TCAs are available as oral tablets, capsules, and solutions. Common adverse events include constipation, dizziness, sedation and dry mouth. Many of the side effects result from their action on acetylcholine and histamine systems.
Monoamine Oxidase Inhibitors (MAOIs)
MAOIs were the first antidepressants developed, and although they can be very effective, they have been replaced by other antidepressants that cause fewer side effects. MAOIs have potential drug-drug interactions and drug-food interactions, further limiting their use and safety. However, MAOIs can be an option for patients who do not respond to other treatment options.
The monoamine oxidase enzyme is responsible for breaking down several neurotransmitters, including norepinephrine, serotonin, and dopamine. MAOIs block this enzyme, increasing these neurotransmitter levels in the brain.
MAOIs available in the USA are:
- Selegiline – Emsam (skin patch)
- Isocarboxazid – Marplan
- Phenelzine – Nardil
- Tranylcypromine – Parnate
MAOIs are usually administered orally, but selegiline is available as a skin patch. Drug labels for these medications list side effects such as dry mouth, nausea, diarrhea, constipation, drowsiness, insomnia, and dizziness, as well as severely high blood pressure if taken with the wrong foods or other medications.
Atypical antidepressants don’t fit into any other group of antidepressants. They treat depression by changing the levels or sensitivity to one or more neurotransmitters such as serotonin, norepinephrine, or dopamine.
Examples of atypical antidepressants are:
- Bupropion – Wellbutrin, Wellbutrin SR, Wellbutrin XL
- Mirtazapine – Remeron
- Trazodone – Desyrel
- Vilazodone – Viibryd
- Vortioxetine – Trintellix
Bupropion and mirtazapine are oral medications often recommended as a first-line treatment for depressive disorders.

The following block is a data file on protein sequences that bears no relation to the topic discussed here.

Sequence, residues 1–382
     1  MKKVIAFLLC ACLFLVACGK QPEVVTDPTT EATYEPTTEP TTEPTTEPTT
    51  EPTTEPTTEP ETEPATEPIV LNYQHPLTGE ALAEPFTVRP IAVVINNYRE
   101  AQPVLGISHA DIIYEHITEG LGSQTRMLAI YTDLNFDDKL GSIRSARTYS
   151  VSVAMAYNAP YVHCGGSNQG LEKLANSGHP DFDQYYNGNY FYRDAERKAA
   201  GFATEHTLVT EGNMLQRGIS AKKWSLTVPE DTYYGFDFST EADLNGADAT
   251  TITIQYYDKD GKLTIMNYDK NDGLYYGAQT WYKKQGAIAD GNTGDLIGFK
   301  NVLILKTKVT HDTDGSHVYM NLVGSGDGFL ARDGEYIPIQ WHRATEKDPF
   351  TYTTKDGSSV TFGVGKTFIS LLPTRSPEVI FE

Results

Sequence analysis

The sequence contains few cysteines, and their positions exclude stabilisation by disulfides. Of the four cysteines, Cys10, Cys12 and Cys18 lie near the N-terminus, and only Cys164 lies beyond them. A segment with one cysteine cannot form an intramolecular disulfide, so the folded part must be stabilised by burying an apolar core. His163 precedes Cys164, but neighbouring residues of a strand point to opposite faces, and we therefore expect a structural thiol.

Genetic Testing for Depression Medication
Your clinician will work with you to determine what treatment options may be the most beneficial in reducing your symptoms. However, antidepressants are not a one-size-fits-all solution. About 30-50% of patients with major depressive disorder do not respond to their first antidepressant trial. Additionally, up to 33% of patients do not show significant improvement despite trying several medications.
Gene mutations may affect the likelihood of medication response and tolerability or how the body processes certain medications. Genetic testing for psychiatric medications can give your healthcare provider further information to use in their decision making process when selecting medications.
PGx Testing Provides Helpful Information
Pharmacogenetic (PGx) testing examines your genes to identify DNA that can affect your ability to break down certain medications or make you more sensitive to some medications. One meta-analysis showed that patients that had genetic testing were 71% more likely to find effective medications compared to those that didn’t get tested.
Genomind PGx testing looks at 24 genes related to mental health treatment. It provides guidance across 10+ mental health conditions, including depressive disorders, and examines 130+ medications to help clinicians determine:
- Which medications may be more or less likely to be effective
- Which medications may be more or less likely to show side effects
- How you metabolize medications for personalized dosing guidance
Genomind’s testing can be done at a clinician’s office—or from the comfort of your home. Get started today.
For individuals experiencing the symptoms of a depressive disorder, these are just some of the medication treatment options available. If you are exploring treatment options, discuss pharmacogenetic testing with your healthcare clinician to receive more personalized guidance. This test aims to minimize the time spent on trial and error, and help you get appropriate medication sooner.
Disclaimer: This page is for information purposes only. We cannot make recommendations about your unique situation, so always consult your healthcare provider for prescription choices.